1. Language – Use of overly technical terms or jargon and disjointed talking points can leave the listener confused. If your language is not the listener’s native language this could present a barrier, as could dialect and inflection.
2. Mixed signals – Nonverbal communication needs to be consistent with what is being conveyed.
3. Mind-set – Attitude, bias, and preconceived notions affect communication.
4. Emotions – If someone is angry, resentful, or had a negative experience with the individual or organization, there may be resistance to the message. If someone has a poor self-image or lacks confidence, he or she will have a hard time getting their point across.
5. Assumptions – Confirm the audience has a grasp of the basic tenets of the subject matter, otherwise you are talking over their head. In a business presentation, ensure what you are presenting is of value to the customer and provides differentiation.
6. Culture – Business, social norms and customs can vary greatly depending upon the country. Ensure they are understood and addressed properly.
7. Gender – There is a difference is communication styles between genders, including issues involving emotional quotients, conflict resolution, and relationship building.
8. Physical – Distances between offices, organizations, and people are all examples. A noisy environment, poorly laid out conference room, and sub-par acoustics are also contributing factors.
9. Technology – If someone is working on their computer, looking at their phone, or texting while you are talking, they will retain little of what was said.
10. Timing – Communicating something at the wrong time or with short notice may result in the individual being caught unaware and may evoke a negative or emotional response.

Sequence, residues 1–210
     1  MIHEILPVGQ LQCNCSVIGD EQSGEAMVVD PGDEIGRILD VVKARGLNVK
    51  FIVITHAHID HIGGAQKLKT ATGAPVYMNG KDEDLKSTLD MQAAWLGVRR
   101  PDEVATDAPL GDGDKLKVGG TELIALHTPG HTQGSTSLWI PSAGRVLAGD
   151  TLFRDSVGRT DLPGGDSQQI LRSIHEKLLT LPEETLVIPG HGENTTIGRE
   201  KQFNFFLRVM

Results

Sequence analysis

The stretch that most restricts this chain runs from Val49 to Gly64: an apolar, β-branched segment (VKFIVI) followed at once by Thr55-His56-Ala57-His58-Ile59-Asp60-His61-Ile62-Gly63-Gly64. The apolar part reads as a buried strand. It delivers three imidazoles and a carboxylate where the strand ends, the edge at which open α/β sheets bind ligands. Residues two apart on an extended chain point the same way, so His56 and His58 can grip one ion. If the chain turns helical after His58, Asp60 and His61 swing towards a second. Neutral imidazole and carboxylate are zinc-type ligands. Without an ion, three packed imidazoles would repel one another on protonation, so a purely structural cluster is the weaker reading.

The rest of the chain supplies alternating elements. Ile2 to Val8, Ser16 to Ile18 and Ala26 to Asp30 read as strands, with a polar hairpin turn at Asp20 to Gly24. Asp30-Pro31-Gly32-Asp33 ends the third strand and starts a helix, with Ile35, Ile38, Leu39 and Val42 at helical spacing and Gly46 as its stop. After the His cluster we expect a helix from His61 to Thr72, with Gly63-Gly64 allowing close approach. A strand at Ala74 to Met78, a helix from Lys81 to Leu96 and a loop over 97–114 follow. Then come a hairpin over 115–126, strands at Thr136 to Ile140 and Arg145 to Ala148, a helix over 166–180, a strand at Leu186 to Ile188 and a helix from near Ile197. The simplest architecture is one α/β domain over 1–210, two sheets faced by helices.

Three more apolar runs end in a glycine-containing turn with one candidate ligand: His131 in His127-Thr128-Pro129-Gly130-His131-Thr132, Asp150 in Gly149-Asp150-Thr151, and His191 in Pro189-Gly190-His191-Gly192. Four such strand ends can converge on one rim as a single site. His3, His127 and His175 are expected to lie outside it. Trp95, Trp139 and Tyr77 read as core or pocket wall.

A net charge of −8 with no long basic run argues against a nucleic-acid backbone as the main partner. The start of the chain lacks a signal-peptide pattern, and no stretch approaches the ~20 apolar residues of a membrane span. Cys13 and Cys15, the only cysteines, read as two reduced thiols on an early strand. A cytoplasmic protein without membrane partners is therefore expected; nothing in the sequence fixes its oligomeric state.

There are three types of communication – oral, written, and nonverbal. Oral conversation includes direct conversation between two individuals or among several people, such as face-to-face discussion, meetings, telephone conversations, presentations, lectures, and symposium. Oral communication, unless in the form of a lecture or a presentation, is typically informal, with a high degree of interpersonal involvement, and is best for establishing relationships, building trust, motivating, solving problems, and addressing complicated issues. Oral communication is not as structured as written communication and misunderstandings can occur if the listener takes things out of context or is inattentive, which is why active listening is so important.
Written communication is any medium that uses the written word. Letters, proposals, contracts, and e-mails are example of written communication and are most prevalent in business. It should be noted that that any information posted on websites and social media is also considered written communication, so be careful what you post and what you send since this is your electronic or digital footprint. The majority of written communication today is through electronic means. The advantages are speed, reduced cost, and the ability to reach a broad audience. The disadvantages include lack of confidentiality, improperly using electronic means to address sensitive issues, and irrecoverable immediacy, so think things through before you hit the send button.
The third type of communication which is often overlooked is the predominant means of communication, encompassing more than 50 per cent of your total communication – nonverbal communication. It is an important part of the communication process, yet many fail to understand the importance or are unaware of their nonverbal communication. Nonverbal communication includes body language, facial expressions, eye contact, voice inflection, mannerisms, and dress. Much of your success will depend on nonverbal communication as people size you up and continually assess you.